Do you think when someone takes out the communications, say the Rochester, Police, twice in as many years––but I told them that was going to happen if what they shared with me and they didn't really have anyone, and it finally did. 911 calls were knocked out for hours. 
You can search it online. I'm not interested in a contract helping them when they threw me into the snake pit, but I was only bit four times.

I can't share the answers for the hackers attacks, I won't talk about 99.9 percent of the other details. I know, in part, the truth. That puts me in a bad place. Knowing what I shouldn't. The way I look at it, when law enforcement looks the other way––every time, I had no choice but to stand on my own and lean on Jesus. He's my secret agent. My counselor, my ever-present protector.


By summer 2005 the winds changed and with them, the sudden appearance of a single Federal Reserve casings, Water Devils, followed by multiple bullet shells and casings of diferent guns, 22s, 45s, others, placed, dead center in front of or in place of the plant, subject or item(s) I was documenting, daily in the WALK THE BURN area––to show how they changed over time. I'd find boxes that were shot through just feet from me, while I was at the eagle nest. Maybe that's how I got hit. I'm not sure. I just know I went home one day, a little holier than the others, two holes in my arm, and matching holes in my blaze orange jacket. So much for wearing color---when your hunter is color blind and a devil in disguise.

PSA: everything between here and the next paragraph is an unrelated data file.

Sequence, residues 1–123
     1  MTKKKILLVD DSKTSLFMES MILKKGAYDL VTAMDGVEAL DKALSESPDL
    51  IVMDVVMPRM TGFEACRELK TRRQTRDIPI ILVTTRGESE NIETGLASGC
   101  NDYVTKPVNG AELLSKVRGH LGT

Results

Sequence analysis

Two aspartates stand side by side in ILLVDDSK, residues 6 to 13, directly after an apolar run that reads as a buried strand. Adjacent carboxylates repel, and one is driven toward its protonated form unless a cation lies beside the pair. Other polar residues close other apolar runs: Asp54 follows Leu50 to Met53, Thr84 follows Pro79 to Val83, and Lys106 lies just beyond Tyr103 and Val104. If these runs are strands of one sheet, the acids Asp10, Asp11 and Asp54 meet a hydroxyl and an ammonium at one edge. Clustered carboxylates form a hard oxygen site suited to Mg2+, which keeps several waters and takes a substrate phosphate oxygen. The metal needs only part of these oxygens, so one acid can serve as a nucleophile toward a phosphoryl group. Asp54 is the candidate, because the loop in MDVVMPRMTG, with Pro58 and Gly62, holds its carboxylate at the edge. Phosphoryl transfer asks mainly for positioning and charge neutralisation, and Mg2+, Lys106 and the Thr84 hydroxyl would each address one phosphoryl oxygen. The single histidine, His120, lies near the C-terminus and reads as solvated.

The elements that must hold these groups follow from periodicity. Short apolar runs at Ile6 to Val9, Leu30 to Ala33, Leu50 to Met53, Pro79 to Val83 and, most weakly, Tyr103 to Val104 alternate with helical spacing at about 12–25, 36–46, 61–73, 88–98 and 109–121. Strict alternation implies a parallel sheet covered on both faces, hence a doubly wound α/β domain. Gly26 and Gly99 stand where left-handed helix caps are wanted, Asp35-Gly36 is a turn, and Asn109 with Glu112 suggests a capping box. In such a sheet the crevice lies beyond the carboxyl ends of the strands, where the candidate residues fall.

My police reports I filed went no where. I felt like the incidents made a good comedy, and were read only once because no law enforcement officer wanted to read them again. Or stop the hecklers. End the stalking. Make them quit the endless harassment and stalking. I'd call this a form of gaslighting, things that happened trying to make me look crazy, paranoid. A shaved break line, a bolt missing off my engine, 3 lug nuts on my driver's side tire, razor blades in my tires, all the lights being turned on––including the glove box, mirror, the dome lights. The letters cut into as pictured above. 

One day, a couple brothers playing me, got caught. I chased them right of the woods when I heard their radio go off signaling their exact location. Pusses that they were, they ran. They may have held the guns, but even low on oxygen, I could give them a good run––usually back to their hideout.